After competing the preamplifier it’s time to design the power section of our amplifier. I want this section to be implemented as a Class B amplifier. We are going to select the Push-Pull configuration for the power transistors.
The following is intended as an educational aid and not a professional effort.
To the circuit above we can see the working principle of a Push-Pull amplifier. The amplifier is consisted of two complementary transistors. An NPN and a PNP. Each transistor amplifies the half wave of the signal. This amplifier does not offer voltage gain, but a current gain. Exactly the thing we need in order to drive a speaker.
To the above schematic we can see a real Push-Pull amplifier. The “problem” of such an amplifier is the relatively low input impedance. Low as far as the driving of this stage by the common emitter amplifier we designed for the preamplifier stage. For this reason we will combine the this Push-Pull stage with a Common Collector amplifier.
To the circuit above, we can see the “mixing” of the Push-Pull amplifier with a Common Collector.
We can see that the Common Collector topology is consisted of the transistors Q3, Q4. Those two transistor is combined as a Darlington pair. We can approach them as a single transistor with a β (beta) equal to the product of the β of each transistor. If for a example each transistor has a β of 100 the overall β will be equal to 100*100=10.000.
Resistor R4, R5 are used for the thermal equilibrium of the two power transistors Q1,Q2 of the Push-Pull stage. The internal resistor of each transistor changes with temperature. Without the resistors R4,R5, changes in temperature would significantly change the emitter current of the transistors.
The power transistors used is BD135 and BD136. The transistors for the Common Collector stage is 2N4403. Diodes D1,D2 is 1N4148. The resistor R4,R5 is 2 Ohms.
The selection of the parts is not optimal. It was based on the parts I had in hands at the time.
To the following circuit we can see the voltages and the currents of our amplifier section. We must calculate the resistors R1,R2 and R3.
As stated before, our amplifier must drive a 16 Ohm speaker with 5 volts peak-to-peak (or 2,5 volts peak). This means the current through the speaker will have a max value of:
This current will be the max current through the Q1 transistor (Q2 also, for the other half period). So:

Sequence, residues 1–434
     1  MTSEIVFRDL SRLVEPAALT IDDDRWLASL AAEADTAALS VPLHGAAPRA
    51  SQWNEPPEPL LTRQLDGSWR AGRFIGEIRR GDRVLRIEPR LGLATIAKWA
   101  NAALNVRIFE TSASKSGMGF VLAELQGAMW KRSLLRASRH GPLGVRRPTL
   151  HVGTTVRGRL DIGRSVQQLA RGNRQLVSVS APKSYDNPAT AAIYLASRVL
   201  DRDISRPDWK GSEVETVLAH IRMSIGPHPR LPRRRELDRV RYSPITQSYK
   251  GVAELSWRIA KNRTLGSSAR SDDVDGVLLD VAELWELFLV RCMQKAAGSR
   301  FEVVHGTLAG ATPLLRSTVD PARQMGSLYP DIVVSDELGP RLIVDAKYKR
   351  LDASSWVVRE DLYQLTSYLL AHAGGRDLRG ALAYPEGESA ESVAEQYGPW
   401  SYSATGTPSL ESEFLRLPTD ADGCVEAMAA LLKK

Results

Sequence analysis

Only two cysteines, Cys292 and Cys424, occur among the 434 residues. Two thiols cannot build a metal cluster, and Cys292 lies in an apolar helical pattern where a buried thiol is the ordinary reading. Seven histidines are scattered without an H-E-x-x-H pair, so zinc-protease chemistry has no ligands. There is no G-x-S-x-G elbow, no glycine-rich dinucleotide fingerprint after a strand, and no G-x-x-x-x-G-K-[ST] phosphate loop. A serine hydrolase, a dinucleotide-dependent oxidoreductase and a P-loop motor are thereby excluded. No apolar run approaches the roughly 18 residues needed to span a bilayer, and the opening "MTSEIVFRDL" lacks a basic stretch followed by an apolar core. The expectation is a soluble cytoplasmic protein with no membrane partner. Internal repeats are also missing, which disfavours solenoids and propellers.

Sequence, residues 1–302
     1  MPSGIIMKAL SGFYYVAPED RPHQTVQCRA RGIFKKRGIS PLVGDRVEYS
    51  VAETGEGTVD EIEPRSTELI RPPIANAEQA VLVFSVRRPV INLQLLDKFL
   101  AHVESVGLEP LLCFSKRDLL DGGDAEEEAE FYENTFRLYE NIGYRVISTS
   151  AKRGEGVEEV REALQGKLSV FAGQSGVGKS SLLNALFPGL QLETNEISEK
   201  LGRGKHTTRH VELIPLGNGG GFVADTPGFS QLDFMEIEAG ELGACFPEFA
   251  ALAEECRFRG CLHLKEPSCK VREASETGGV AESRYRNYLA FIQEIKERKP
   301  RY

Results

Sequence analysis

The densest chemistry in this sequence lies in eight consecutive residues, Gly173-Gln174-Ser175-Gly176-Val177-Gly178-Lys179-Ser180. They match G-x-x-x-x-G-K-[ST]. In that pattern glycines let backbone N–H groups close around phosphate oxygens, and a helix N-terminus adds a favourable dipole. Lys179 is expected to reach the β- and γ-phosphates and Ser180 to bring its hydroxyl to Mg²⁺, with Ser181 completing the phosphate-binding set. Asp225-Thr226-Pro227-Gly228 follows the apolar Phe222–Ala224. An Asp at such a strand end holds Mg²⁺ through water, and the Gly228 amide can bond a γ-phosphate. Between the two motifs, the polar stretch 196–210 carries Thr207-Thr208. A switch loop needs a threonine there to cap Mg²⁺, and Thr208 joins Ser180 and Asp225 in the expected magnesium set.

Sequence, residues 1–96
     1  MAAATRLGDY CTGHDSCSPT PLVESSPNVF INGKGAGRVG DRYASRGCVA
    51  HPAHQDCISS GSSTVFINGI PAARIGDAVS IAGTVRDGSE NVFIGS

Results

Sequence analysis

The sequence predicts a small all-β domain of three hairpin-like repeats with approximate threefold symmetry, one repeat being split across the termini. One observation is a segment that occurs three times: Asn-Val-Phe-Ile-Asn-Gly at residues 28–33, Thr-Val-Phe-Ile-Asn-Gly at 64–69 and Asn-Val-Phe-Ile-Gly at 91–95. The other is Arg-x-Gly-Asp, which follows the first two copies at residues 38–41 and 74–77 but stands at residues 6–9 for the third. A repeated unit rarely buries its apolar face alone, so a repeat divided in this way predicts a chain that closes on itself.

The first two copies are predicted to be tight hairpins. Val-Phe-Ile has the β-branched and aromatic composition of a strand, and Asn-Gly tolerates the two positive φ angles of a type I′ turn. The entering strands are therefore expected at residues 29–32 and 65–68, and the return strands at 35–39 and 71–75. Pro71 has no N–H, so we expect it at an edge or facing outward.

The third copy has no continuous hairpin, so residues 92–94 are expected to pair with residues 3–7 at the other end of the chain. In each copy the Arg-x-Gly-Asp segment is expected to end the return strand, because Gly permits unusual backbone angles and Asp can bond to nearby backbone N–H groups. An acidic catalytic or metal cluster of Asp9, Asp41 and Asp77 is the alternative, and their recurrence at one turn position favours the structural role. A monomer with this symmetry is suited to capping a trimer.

We want our DC voltage to the output equals the half of the supply voltage (9 volts). So:
The voltage to the Emitter of Q1 is:
The current gain β (beta) of the power transistors is around 25. The base current, in order to the current we need to the output, must be:
The DC voltage to the base of Q1 is:
The current through R1 and the two diodes must be at least 10 times bigger of the base current of the power transistors, in order a stable DC base voltage. This current is the Emitter current of the Common Collector stage. So:
Now that we know the voltage across R1 and the current through it we can calculate it’s value:
The voltage to the Emitter of Q3, due to the forward voltage of the two diodes in series, will be about 1,4 volts less than the voltage in the Base of the Q1 transistor. So:
The voltage to the base of Q4 transistor will be 1,4 volts less than the voltage of the emitter of the Q3 transistor. The forward voltage of the two Base-Emitter junctions.
The overall gain of the Q3,Q4 transistors is 10.000. The base current of Q4 will be:
We need the current through R3 10 times bigger from the base current of Q4. So:
We now know the voltage across R3 (the voltage of the base of Q4) and the current through it, and we can calculate it’s value:
The current through R2 must be 11 times bigger from the base current of Q4. So:
We now know the voltage across R2 and the current through it, and we can calculate it’s value:
We were able to calculate R1,R2,R3.
- R1=56 Ohm. Available from the E12 resistor series.
- R2=92 kOhm. We are going to select 100k available from E12 series.
- R3=43,2 kOhm. We are going to use a potentiometer of 47 kOhms to adjust precisely the bias of the transistors and compensate the change of the R2 value (29k to 100k).
The final design for the amplifier we designed to this two part article.